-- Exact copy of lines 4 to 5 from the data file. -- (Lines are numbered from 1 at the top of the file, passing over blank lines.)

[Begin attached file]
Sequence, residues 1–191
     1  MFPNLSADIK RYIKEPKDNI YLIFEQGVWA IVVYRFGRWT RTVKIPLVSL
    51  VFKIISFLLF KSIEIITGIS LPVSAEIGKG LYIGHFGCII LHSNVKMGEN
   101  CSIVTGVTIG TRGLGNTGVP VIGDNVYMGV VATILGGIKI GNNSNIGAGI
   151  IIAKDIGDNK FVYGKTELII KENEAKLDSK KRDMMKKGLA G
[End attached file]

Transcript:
   101  CSIVTGVTIG TRGLGNTGVP VIGDNVYMGV VATILGGIKI GNNSNIGAGI
   151  IIAKDIGDNK FVYGKTELII KENEAKLDSK KRDMMKKGLA G